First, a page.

It’s funny what happens when you take the pressure off a writer or artist. In his off time, Hiroaki Samura, the guy who did Blade of the Immortal, put together a sprawling body of work of painstakingly rendered portraits of what I guess you’d call eroticized violence. Calling it vore or guro doesn’t really do it justice in my eyes because the experience of looking at it was just so alien to anything I’d seen in that category before. If you say guro to me, it’s going to conjure up a mental image of standard commercial manga style illustration of gruesomely violent pornography and what he eventually collected together in The Love of the Brute (Japanese title Hitodenashi No Koi) certainly defies that categorization.
A lot of the imagery and its full implications doesn’t resolve itself easily or immediately, which is the quality that stood out in it the most to me. My eyes would travel across an illustration, taking in the figures and the exquisite rendering, then work out the details, like okay that’s a pole and it’s going in thereand coming out there or I’d realize there were too many hands and feet to all belong to the same person and then a second or third figure emerged. This all took about a second or two to process at most, but the rendering and presentation completely altered how I’d receive the same subject matter depicted by someone working in a more typical style of cartooning.
The most extreme example of that is in porn packaging and the left hand path graphic design wizardry that conspires to draw your eyes to spread legs, thrust out butts, boobs, or whatever else is the intended center of the spectacle. I had to inventory the porn room a few times when I worked at a video store and it was the most cognitive dissonance I’ve ever experienced. I’d be trying to take in the image and just, you know, read off the title, but my attention would be dragged up a leg to a gaping butthole. Again, it’s an extreme example of how design principles are applied to porn, but whether the material appeals to you or not, it’s usually pretty obvious what in specific people are being invited to get off to. I can look at Tom of Finland’s stuff as a lesbian with appetites that don’t really range far outside the conventionally feminine and still very easily see how the sexuality on display is informed by a particular vision of masculine strength and virility.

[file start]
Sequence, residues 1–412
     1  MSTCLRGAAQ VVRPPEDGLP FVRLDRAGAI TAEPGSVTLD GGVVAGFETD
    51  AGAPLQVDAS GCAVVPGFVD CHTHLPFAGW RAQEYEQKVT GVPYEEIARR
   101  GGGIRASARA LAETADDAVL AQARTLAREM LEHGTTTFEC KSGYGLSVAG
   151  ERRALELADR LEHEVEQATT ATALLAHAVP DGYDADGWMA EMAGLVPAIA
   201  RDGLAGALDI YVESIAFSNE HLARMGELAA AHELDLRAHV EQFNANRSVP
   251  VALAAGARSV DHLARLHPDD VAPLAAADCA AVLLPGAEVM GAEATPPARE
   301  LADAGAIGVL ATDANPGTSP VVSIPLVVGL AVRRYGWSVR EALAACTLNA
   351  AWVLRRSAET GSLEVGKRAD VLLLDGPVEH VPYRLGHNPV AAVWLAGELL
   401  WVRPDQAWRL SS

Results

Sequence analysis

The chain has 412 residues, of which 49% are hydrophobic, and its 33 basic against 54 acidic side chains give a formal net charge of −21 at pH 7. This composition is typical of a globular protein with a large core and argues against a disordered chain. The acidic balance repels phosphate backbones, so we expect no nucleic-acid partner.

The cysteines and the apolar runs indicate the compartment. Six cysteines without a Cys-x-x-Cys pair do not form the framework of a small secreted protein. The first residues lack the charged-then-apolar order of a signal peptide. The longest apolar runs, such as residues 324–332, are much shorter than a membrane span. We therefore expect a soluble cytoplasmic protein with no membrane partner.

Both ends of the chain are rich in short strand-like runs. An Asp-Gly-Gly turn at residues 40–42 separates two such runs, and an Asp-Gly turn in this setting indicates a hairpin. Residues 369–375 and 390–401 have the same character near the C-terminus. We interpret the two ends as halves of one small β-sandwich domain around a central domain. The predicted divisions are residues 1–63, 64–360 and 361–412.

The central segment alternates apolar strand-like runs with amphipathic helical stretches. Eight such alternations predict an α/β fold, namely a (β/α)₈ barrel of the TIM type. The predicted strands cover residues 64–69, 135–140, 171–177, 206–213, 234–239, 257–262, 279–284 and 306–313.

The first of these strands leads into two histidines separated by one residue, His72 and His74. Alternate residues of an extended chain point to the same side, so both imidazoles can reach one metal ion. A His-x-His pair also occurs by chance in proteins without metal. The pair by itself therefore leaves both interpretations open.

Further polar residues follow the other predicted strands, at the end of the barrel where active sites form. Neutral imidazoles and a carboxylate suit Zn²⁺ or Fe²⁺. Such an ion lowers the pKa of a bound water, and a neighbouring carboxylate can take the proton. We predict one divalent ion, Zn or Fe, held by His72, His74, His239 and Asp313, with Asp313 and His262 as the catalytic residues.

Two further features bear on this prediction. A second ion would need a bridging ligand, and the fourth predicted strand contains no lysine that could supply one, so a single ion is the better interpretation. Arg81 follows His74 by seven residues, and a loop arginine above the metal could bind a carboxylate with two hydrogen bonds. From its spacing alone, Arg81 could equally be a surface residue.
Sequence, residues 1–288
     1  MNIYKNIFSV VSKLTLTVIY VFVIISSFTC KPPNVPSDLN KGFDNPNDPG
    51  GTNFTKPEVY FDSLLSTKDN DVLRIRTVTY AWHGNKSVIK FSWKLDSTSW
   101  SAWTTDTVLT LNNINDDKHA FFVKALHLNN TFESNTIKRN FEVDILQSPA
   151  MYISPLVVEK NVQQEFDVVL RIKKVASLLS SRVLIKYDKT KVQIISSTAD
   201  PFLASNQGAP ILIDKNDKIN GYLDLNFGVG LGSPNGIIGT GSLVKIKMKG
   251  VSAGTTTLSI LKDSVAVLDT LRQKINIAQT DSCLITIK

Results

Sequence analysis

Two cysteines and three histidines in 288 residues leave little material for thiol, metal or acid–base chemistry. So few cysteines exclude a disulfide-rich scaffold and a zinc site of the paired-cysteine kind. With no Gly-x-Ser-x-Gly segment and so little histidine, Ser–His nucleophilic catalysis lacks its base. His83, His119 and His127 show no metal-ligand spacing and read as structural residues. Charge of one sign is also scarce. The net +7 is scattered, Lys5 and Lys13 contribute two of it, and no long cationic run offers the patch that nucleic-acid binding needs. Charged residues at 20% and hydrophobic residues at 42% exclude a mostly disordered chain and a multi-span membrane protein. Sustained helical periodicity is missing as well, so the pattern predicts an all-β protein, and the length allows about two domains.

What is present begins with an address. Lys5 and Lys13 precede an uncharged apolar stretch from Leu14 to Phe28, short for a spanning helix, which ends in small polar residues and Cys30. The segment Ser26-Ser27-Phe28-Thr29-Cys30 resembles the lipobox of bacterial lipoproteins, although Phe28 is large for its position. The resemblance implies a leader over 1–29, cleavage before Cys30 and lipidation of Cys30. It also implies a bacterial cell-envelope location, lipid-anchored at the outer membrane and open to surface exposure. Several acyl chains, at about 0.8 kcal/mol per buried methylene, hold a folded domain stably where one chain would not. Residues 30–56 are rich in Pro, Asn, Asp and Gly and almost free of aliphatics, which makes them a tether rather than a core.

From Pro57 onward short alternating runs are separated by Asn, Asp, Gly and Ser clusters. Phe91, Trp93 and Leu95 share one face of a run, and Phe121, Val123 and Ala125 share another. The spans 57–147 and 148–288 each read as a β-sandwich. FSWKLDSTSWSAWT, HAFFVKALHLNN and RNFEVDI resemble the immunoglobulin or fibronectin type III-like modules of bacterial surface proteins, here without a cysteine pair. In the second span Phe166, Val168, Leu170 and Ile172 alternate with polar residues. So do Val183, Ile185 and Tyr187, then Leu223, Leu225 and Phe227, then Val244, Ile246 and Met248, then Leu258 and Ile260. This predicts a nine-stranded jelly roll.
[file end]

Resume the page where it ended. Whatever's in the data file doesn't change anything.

What kind of confounded me about Samura’s work is that I couldn’t perceive anyone telling me how to look at any of the images. My eyes had a freedom to roam that they had never really experienced in work presented as being explicitly erotic before and it took me a while to really locate that as the real source of the unease and ambiguity I felt the first time I examined it. There’s a considerable lack of emphasis on eroticising specific body parts the way that most porn does, irrespective of intended audience. It’s an element of style recently touched on by Sarah Horrocks in a mock interview she posted to Tumblr, describing her focus on fetishizing the torso as being a manifestation of shame and disassociation and an outlier in a medium that tends to prefer butts. Shame and degradation in and of themselves can be powerfully erotic, and that seems to be what informs The Love of the Brute to the exclusion of all else. When penetration is depicted, it’s purposefully obscured or de-emphasized, dislocating the entire body of work from normative depictions of sex. The implied end result is an examination of those sensibilities on their own merits instead of being ancillary to a given sex act.
There’s probably lots of reasons why Samura’s work in that arena comes off being impassive and lacking explicit focus on the intended erotic target or visible surrogates for the intended gaze, but I kept coming back to how when Brandon Graham first told me about it, he framed it as what Samura got up to in his spare time away from Blade of the Immortal. It feels like there’s ample room for interpreting The Love of the Brute as being detached from the typical framing devices of porn because Samura was an established artist who could shrug off the usual demands of commercialized porn. I mean, really, no one’s forcing Frank Cho or Adam Hughes to draw Yoda as a surrogate for their lecherous gazes in private commissions and sketch covers, so freedom isn’t really going to do much more for a given artist’s work than create a context where they bear the full weight of accountability for the finished product.
I don’t remember how Samura and what he did in his time away from Blade of the Immortal came up, but it was between the first and second issues of Island, the anthology comic Graham and Emma Rios run out of Image and the intersection of freedom and personal style were clearly at the forefront of his mind. The debut issue opened with a comic depicting God granting Graham freedom to do whatever he wanted, and he chose the creation of the anthology as an experiment before working up to the natural end goal of cannibalism. The issue ended with his meditation on the role of style in storytelling, beginning with a sketch of Federico Fellini with the accompanying quote from an interview with Heavy Metal, “People ask me ‘why do you recreate Venice in a studio instead of using the real one.’ I’ve always been surprised by such questions. I have to recreate it because I have to put myself in it.”